Saturday, November 7, 2015

Buffy Sainte-Marie: She's Still Rocking!

Buffy Sainte-Marie's 18th album, Power in the Blood, was released in May. (Photo by David Gahr, 1960)

What can you say about Buffy Sainte-Marie? She appeared on the American game show To Tell the Truth in January 1966. Panelists Tom Poston, Peggy Cass, Orson Bean and Kitty Carlisle questioned the three contestants for ten minutes and guessed which one was the real Buffy Sainte-Marie. The questions were a bit insipid. “Do you have any musical training?” “Are there any more Indian singers?” “Where does Joan Baez live?” When they voted, Bud Collyer asked the panel to “Mark [their] wigwams.” Mr. Bean actually drew a cartoon war bonnet on his numeral 3. They were different times. I remember watching the show when it first played, and you can still watch it on YouTube. The best part is when Buffy does “Goin’ Up to Cripple Creek” accompanying herself on mouthbow, and then she picks up her guitar and sings “Until It’s Time For You To Go.”

Nearly fifty years later she has released Power In The Blood (True North Records), her eighteenth album (not counting a couple of Greatest Hits collections). Her style has changed since those early days playing a small six-string guitar, but she is every bit the force of nature she’s always been. She was never happy to sit quietly in the background, if she had something to say, Buffy Sainte-Marie came out and said it. After the tender love song that was “Time for You To Go,” she did “Universal Soldier” in response to war in general, but specifically Vietnam. Donovan had a hit with this one.

He's five feet two and he's six feet four. 
He fights with missiles and with spears. 
He's all of thirty-one and he's only seventeen. 
He's been a soldier for a thousand years.

He's a Catholic, a Hindu, an Atheist, a Jain, 
A Buddhist and a Baptist and Jew. 
And he knows he shouldn't kill and he knows he always will. 
Kill for me my friend and me for you.

And he's fighting for Canada, he's fighting for France. 
He's fighting for the USA. 
And he's fighting for the Russians and he's fighting for Japan. 
And he thinks we'll put an end to war this way.

She wrote songs about the indigenous peoples of North America, “Now That the Buffalo’s Gone” and “He’s an Indian Cowboy in the Rodeo.” She covered Joni Mitchell, Leonard Cohen and co-wrote (with Jack Nitzsche and Will Jennings) “Up Where We Belong,” winning an Oscar in the process. She is now 74 years old and every bit as powerful a singer and songwriter as she’s always been.

“I love words, I love thinking, and I recognize and value the core of a universal idea simplified into a three-minute song,” she says. “What appealed to me in folk music were the songs that have lasted for generations, but I wasn’t trying to be one of those guys. I wanted to give people something original.”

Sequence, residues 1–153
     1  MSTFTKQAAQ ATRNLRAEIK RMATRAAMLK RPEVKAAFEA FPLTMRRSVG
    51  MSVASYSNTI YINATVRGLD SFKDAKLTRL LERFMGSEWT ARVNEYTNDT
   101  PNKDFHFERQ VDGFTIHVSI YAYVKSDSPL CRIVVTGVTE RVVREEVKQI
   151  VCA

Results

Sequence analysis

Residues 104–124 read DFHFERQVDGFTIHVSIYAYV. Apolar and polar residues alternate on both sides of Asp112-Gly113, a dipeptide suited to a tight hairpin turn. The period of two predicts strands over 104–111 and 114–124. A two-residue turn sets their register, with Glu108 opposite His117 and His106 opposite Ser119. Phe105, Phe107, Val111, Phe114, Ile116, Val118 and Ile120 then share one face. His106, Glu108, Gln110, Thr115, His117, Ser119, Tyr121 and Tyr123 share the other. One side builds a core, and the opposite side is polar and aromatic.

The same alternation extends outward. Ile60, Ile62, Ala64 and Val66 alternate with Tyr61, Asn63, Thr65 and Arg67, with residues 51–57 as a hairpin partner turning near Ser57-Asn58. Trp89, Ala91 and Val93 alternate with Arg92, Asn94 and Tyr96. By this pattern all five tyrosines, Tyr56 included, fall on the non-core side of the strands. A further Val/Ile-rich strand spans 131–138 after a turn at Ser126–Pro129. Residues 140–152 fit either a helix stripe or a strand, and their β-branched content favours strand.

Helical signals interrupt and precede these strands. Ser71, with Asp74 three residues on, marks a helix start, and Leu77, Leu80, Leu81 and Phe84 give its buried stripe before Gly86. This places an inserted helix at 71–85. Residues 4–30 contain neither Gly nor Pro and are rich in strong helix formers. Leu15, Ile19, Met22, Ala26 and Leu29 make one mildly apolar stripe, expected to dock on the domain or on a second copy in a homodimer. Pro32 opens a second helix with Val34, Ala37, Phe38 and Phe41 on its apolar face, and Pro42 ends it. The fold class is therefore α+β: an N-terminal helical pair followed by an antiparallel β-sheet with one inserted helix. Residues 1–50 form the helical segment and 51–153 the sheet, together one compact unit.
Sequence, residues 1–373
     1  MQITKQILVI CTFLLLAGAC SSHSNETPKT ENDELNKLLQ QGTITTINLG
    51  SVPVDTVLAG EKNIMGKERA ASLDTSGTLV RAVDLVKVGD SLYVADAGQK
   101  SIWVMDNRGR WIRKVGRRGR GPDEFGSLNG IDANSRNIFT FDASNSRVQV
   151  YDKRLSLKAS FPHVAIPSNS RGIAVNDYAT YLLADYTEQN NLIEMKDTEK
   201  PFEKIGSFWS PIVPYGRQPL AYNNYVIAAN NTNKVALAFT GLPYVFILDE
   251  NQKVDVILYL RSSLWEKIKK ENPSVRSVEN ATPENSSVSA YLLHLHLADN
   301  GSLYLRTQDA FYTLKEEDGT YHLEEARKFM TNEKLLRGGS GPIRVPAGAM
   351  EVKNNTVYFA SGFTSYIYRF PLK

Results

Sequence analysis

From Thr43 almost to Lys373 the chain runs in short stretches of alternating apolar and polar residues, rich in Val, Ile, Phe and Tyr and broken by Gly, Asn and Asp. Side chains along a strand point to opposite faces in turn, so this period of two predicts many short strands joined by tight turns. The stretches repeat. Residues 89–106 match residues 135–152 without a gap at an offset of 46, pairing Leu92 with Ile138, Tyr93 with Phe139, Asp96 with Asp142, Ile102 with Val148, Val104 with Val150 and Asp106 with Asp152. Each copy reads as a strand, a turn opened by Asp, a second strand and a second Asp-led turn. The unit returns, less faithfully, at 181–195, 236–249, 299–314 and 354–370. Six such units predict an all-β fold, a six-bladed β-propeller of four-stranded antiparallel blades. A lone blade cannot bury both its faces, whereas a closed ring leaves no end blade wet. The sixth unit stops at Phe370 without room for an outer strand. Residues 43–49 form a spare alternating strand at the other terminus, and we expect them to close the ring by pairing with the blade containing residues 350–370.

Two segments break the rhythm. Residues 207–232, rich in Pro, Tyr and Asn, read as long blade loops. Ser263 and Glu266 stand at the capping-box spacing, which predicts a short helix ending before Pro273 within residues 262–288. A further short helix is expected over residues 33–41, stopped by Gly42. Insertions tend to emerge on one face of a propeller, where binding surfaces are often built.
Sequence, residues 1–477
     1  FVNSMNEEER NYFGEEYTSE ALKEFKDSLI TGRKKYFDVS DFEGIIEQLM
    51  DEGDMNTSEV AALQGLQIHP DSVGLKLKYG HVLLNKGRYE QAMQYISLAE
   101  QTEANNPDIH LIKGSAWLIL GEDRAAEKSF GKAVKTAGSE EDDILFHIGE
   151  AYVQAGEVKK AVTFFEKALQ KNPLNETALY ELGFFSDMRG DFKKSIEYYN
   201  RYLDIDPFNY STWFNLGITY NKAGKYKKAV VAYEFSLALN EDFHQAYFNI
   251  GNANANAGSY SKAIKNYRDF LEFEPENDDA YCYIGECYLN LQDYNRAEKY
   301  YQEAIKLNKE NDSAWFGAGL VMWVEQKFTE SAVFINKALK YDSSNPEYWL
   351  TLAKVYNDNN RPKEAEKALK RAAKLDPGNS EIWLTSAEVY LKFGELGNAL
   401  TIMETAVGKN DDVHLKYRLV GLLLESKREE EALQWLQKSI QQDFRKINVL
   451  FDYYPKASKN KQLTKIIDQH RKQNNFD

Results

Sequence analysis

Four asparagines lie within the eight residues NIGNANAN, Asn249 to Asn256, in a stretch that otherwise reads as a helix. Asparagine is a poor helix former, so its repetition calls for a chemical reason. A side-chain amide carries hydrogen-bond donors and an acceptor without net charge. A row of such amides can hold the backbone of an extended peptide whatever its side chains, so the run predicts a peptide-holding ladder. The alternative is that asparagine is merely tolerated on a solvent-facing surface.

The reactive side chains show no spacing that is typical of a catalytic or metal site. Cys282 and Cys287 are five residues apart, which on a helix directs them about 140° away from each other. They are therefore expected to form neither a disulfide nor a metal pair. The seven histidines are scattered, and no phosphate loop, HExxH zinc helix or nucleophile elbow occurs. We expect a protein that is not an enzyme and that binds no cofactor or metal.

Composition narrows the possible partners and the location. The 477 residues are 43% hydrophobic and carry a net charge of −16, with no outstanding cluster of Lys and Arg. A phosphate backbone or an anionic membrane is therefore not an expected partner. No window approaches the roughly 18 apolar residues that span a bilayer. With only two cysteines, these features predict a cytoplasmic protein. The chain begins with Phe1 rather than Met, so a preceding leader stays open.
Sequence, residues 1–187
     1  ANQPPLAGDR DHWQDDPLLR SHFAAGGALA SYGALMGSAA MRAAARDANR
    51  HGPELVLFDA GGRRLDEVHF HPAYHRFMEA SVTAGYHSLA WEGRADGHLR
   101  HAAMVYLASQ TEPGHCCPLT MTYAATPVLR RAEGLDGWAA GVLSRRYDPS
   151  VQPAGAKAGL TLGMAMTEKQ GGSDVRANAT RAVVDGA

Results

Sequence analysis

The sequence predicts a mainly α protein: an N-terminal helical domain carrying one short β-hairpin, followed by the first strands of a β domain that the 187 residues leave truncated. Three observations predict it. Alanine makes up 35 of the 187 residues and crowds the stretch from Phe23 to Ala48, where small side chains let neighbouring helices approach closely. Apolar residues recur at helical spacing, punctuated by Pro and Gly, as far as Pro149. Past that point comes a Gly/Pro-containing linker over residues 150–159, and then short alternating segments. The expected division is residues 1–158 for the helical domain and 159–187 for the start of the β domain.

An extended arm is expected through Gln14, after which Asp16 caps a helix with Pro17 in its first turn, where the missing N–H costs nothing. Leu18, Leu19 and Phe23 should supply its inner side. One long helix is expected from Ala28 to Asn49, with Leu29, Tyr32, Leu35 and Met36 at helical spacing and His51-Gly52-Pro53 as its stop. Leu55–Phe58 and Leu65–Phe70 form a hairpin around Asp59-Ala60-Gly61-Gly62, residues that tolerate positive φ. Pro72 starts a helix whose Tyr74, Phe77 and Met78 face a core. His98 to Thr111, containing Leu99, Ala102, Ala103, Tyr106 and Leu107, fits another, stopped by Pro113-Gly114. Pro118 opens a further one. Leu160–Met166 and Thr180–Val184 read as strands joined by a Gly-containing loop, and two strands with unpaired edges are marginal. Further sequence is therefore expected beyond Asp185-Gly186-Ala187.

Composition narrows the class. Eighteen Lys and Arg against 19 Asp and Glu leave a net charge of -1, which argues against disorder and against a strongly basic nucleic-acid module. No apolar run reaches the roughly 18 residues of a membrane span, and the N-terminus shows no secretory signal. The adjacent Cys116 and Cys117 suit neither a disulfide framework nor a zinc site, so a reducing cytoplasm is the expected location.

She still has the same tremolo in her voice but she is backed by a band that out and out rocks. Power in the Blood won her the prestigious Polaris Prize this year. The Polaris Prize has been described as “…not about sales, genre or commercial appeal… this one’s all about the music.” And Power in the Blood is all about music. Right off the mark with an up-dated rendition of the title song from her very first album, “It’s My Way” starts with ringing chords from an electric guitar and the message takes on a new perspective when sung by a 74-year-old compared to a 20-year-old. “I’ve got my own world, I’ve got my own life… I’ve got my own road and it’s my way.” It was her own way then and she’s still on that road.

This is followed by the title song adapted by Ms. Sainte-Marie from the Alabama 3 tune. It contains a strong anti-GMO political message, over a potent beat. Buffy’s flexible vocal cords are exercised in “Not the Loving Kind” which also features some guitar solos from Dean Drouillard and Ian Burton. Other musicians involved include bassists Maury LaFoy & George Koller; drummers Mark Mariash, Max Kennedy Roach and Michael Bruyere; and keyboardists Aaron Davis, Jon Levine, Jim Birkett while Buffy plays guitar and sings.

She sings love songs, political tunes, and includes all the themes that have been found in her songs forever. Production is shared between Michael Phillip Wojewoda (six tracks), and Chris Birkett and Jon Levine (each get three). The tracks blend easily together because the genius here is Buffy Sainte-Marie. It is her vision, her talent, and her style that unites the album. The sound is gorgeous on headphones, and listening to the album over a week or so will make the songs stick in your memory, each with a melody and hook that will keep you coming back.

It rocks, and it rolls, and it has a conscience. Power in the Blood has power in virtually every track. It’s a fine comeback from someone who never really went away. Congratulations on the Polaris Prize, Buffy. You deserved it!

David Kidney has reviewed for Green Man Review and Sleeping Hedgehog. He published the Rylander Quarterly (a Ry Cooder-based newsletter) for 8 years before turning it into a blog, at He works at McMaster University as Director of Learning Space Development and lives in Dundas with his wife.

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